The Republican Party’s presidential contenders appeared to have few substantial policy disagreements between them during a televised debate in Michigan on Wednesday. Virtually all of them reserved their stauchest criticism for President Barack Obama and his economic policy but they were short on the specifics of their alternative approaches.
With Italy in political turmoil and apparently on the verge of a financial crisis, none of the conservatives on stage Wednesday night had any desire to entangle the United States in a bailout of the world’s eighth largest economy. Rather they considered Europe’s spiraling debt crisis a warning for Americans. “If we don’t get serious about cutting and capping our spending and balancing our budget, you’re going to find America in the same position Italy is in four or five years from now and that is unacceptable,” said former Massachusetts governor Mitt Romney who is considered the frontrunner in the race for the Republican nomination.
Former Utah governor Jon Huntsman, the other moderate Republican on stage, agreed. He wouldn’t commit to financial support for banks that have invested heavily in European debt. Instead, he chastised those institutions that “have an implied bailout by the taxpayers in this country and that means we’re setting ourselves up for disaster again. As long as we have banks that are too big to fail,” Huntsman predicted, “we’re going to catch the contagion.” He couldn’t say how exactly he would make banks smaller though.
Few of the candidates laid out specific budget cuts although they all championed fiscal consolidation. Texas governor Rick Perry struggled to remember the three departments of government he would like to eliminate. “I would do away with Education, the Commerce and, let’s see, I can’t. The third one I can’t,” he said while fumbling with his notes. “Oops.”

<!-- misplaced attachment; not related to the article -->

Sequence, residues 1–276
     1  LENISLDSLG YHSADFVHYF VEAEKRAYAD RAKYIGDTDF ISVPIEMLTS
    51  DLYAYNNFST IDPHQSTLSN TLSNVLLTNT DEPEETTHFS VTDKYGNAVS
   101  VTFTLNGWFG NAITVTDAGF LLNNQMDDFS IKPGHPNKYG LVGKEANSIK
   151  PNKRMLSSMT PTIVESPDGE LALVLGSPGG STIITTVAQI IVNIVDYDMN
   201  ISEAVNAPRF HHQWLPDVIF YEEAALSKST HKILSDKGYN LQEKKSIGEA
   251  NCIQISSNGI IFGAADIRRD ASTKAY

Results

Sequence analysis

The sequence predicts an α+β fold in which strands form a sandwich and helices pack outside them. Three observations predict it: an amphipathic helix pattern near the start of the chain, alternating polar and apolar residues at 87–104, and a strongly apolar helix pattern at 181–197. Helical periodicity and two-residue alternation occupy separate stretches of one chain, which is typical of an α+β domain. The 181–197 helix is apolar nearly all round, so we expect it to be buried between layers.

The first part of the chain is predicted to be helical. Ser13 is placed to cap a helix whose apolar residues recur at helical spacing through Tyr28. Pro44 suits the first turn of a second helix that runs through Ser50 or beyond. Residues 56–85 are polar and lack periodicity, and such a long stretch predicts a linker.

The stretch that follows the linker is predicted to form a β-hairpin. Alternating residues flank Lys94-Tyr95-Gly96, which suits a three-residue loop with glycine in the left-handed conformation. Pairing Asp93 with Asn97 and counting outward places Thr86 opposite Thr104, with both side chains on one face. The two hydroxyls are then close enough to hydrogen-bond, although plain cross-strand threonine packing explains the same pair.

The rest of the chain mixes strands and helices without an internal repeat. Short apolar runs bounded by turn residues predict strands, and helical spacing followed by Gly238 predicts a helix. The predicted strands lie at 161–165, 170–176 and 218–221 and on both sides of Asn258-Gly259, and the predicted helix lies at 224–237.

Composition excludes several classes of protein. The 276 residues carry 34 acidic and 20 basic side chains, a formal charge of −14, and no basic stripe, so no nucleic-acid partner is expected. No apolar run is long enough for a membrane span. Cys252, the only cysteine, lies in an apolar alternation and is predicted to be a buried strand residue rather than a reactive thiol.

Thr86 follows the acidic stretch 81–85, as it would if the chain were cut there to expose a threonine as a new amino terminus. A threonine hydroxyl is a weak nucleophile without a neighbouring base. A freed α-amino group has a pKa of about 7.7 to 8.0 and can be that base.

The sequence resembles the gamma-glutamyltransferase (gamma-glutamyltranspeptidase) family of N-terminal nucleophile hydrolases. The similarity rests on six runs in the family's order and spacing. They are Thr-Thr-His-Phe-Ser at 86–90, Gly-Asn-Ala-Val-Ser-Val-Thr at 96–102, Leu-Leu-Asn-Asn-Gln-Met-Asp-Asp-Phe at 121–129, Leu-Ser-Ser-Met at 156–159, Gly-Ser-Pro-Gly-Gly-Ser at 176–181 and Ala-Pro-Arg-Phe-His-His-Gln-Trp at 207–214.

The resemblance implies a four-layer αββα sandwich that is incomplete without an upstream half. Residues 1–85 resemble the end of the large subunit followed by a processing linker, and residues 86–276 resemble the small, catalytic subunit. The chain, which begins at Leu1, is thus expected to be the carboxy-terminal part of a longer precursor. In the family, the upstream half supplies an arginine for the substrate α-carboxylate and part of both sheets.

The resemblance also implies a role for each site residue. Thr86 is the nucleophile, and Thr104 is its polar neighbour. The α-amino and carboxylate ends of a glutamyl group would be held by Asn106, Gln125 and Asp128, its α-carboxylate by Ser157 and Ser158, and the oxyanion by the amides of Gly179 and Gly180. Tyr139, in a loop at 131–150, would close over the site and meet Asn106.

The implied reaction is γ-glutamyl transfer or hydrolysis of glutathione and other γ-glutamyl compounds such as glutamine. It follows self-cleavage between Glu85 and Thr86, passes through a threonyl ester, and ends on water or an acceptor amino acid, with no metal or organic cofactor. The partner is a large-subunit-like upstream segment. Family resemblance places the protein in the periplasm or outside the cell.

He recalled that it was the Department of Energy he would like to dismantle later in the debate but the damage had been done. It was “the ‘oops’ heard ’round the world,” according to Politico — a bit of an overstatement but certainly the scene affirmed Perry’s reputation as a poor debater.
The candidates agreed that taxes should be cut and the regulatory burden on businesses lifted in order to stir job creation. As former House speaker Newt Gingrich put it, “All of us on this stage represent a dramatically greater likelihood of getting to a paycheck and leaving behind food stamps as does Barack Obama.” According to Perry, “We need to go out there and stick a big ol’ flag in the middle of America that says, ‘Open for business again.'” He touted his plan for an optional 20 percent flat tax which would significantly reduce the tax burden on businesses and high-income earners.
The candidates were also unanimous in their opposition to the Democrats’ health-care reform legislation which mandates that all Americans purchase insurance. They favored extending more “options” to seniors who are on Medicare, as Governor Perry put it, and “let the states figure out how to make Medicaid work.”
Romney agreed that states should decide how to care for their medically uninsured which is the defense he’s offered consistently to justify a health reform measure he enacted in Massachusetts when he was governor there. Opponents have likened it to the president’s health-care law because it also requires that citizens have insurance.
Although Romney has hesitated to endorse privatization of Social Security which pays pensions to seniors, he did say to favor private health savings accounts on Wednesday to cover medical expenses. “People have to have a stake in what the costs and the quality as well is of their health care,” he suggested.
Minnesota congresswoman Michele Bachmann promised to enable people to buy insurance from other states which is currently prohibited by federal law. “Today there’s an insurance monopoly in every state in the country and I would end that monopoly and let any Americans go anywhere they want,” she said. “That’s the free market.”